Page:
We’re going on a bear hunt

Or, in other words, How To Visit Your Local Park Yet Again In Rubbish Weather Without Going Insane.

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We’re Going on a Bear Hunt is one of Henry’s favourite books – you should hear his pronunciation of ‘what a bleu-la-ti-foo day’ – so I suggested we go to the park for a bear hunt of our own. There are a lot of bear-friendly hiding places in Prospect Park. We checked them all.

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We found the thick, oozy mud (and so did my car boot)…

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…then the deep cold river (squelchy duck pond)…

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…then the big dark forest.

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No bears. I speculated that they might be hiding under the tree roots. Henry scoffed. Too small for bears, he said. They’re probably having their lunch. Still, we brought a (very unimpressed) bear with us as a back-up, so we weren’t totally empty-handed.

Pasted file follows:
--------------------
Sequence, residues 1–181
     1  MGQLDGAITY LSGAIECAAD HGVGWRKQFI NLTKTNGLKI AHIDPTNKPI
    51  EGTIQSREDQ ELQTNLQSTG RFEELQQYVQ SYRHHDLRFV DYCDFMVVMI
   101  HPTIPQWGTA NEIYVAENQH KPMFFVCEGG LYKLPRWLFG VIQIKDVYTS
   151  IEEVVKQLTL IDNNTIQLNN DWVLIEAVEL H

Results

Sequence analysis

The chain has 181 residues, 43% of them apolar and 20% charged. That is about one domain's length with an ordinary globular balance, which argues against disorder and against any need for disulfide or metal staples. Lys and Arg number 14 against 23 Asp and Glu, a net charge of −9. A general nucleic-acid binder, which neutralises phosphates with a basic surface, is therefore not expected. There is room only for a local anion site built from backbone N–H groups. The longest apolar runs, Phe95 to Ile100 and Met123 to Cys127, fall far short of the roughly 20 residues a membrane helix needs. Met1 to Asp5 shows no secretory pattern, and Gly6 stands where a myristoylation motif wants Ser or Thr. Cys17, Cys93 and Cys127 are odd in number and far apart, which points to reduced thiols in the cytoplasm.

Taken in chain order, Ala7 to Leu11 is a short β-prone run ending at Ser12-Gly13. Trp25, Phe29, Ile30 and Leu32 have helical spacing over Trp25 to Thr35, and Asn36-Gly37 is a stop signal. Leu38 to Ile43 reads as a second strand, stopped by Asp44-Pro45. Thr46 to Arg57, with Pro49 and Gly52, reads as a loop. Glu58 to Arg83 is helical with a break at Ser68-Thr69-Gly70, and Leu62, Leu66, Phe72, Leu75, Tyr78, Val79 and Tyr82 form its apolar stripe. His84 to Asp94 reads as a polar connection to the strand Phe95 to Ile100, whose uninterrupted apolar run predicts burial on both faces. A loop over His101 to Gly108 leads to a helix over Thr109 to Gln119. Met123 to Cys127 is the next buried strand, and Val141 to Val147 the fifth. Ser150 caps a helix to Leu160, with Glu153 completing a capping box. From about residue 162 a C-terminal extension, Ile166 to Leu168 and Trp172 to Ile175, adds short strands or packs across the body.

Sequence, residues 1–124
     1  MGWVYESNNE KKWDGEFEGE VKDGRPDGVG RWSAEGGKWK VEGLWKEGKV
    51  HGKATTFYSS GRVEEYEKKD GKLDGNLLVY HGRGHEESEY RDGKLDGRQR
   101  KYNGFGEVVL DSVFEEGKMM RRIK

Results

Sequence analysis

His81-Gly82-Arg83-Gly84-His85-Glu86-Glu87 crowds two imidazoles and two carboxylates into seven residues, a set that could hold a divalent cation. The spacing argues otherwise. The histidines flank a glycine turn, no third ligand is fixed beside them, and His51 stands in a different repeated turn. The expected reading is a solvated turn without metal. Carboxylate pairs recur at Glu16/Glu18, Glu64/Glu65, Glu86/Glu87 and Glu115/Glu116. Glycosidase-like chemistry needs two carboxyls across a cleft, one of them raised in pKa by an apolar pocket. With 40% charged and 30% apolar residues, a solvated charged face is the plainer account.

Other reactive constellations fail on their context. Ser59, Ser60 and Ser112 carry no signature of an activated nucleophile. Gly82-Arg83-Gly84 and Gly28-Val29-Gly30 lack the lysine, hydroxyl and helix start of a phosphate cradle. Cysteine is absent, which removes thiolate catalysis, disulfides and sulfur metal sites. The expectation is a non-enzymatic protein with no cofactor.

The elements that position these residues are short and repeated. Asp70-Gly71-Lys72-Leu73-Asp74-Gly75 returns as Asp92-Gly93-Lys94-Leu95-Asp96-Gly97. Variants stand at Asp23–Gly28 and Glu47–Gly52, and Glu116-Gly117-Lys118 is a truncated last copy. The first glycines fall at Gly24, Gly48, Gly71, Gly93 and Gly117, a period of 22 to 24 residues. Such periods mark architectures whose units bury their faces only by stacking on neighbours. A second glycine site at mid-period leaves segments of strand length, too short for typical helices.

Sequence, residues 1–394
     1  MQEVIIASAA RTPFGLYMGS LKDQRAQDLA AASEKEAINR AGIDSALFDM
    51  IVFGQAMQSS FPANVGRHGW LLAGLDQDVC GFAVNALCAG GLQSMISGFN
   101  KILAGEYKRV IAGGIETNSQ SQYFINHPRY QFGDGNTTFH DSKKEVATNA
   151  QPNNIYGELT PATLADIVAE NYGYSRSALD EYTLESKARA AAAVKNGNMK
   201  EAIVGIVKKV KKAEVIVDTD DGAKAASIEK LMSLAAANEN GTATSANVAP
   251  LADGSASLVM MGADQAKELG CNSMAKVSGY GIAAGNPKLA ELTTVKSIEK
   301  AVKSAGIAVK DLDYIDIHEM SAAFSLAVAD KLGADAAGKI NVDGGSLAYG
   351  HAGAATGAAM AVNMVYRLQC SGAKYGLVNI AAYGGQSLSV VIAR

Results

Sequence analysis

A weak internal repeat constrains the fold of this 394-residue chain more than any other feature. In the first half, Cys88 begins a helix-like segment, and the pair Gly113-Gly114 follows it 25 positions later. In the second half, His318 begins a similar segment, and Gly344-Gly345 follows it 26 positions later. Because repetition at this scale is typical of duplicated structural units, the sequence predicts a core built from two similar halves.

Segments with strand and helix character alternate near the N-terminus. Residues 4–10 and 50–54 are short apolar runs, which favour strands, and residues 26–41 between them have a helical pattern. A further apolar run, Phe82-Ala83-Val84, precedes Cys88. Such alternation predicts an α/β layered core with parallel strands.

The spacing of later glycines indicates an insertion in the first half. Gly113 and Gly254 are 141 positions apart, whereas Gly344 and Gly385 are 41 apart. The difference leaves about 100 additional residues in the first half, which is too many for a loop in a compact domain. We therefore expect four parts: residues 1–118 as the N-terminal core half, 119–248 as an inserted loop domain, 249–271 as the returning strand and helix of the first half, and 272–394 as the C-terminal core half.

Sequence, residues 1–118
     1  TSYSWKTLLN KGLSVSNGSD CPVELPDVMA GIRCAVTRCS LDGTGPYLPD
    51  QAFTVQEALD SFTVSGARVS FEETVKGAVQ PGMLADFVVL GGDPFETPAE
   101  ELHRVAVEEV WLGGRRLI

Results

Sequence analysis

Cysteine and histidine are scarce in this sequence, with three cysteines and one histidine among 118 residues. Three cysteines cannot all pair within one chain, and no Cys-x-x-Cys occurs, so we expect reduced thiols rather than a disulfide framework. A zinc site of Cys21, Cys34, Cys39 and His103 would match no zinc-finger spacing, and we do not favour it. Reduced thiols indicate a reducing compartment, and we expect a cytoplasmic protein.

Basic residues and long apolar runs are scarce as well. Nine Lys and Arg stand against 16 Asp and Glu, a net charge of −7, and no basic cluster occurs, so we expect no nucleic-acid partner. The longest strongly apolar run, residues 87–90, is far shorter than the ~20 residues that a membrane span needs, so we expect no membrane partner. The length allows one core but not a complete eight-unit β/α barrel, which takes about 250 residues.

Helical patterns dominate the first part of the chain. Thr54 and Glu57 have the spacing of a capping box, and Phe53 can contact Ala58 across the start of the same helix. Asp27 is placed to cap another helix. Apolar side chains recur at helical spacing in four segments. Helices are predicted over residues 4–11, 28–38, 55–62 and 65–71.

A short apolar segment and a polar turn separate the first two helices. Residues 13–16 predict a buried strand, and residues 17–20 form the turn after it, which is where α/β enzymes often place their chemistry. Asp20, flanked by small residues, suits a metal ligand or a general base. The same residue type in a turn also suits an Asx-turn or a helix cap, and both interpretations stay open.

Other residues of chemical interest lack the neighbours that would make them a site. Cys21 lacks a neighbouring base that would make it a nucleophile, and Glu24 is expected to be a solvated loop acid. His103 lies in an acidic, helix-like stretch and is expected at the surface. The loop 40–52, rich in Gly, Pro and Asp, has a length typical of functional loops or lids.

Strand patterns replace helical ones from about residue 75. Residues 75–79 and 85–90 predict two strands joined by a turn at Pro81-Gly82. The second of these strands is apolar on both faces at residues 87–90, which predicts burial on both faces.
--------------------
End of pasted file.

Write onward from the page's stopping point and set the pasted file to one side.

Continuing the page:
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Of course, we should have known. When you go looking for bears, you’ll end up finding a swirly whirly snowstorm, which in real life doesn’t go ‘hoo wooo’, but something more like FEEL MY ICE BRICKS AND DESPAIR, FOOLS.

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We’re not going on a bear hunt again (until all of us have dried off, and February decides to stop being a prize ass).

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Pregnancy crib-notes: some things I wish I’d known about two

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‘How are you doing with those two boys?’ people ask.

The answer is: ‘Today I am awake. So today is good’.

Do you remember those guest posts I published back at the beginning of July, with people giving advice about moving from one to two children? I loved them. I still read them now, since seven months and 1278 dirty nappies isn’t nearly long enough to feel like you know what you’re doing. But I have discovered some things, and not all of them are chocolate button-related. If I could do some sort of spiffy time machine action and land right in the middle of 30th June, 2013, I’d…tell myself to give birth on the BATHROOM FLOOR, NOT THE CARPET, IDIOT. And I’d also say this.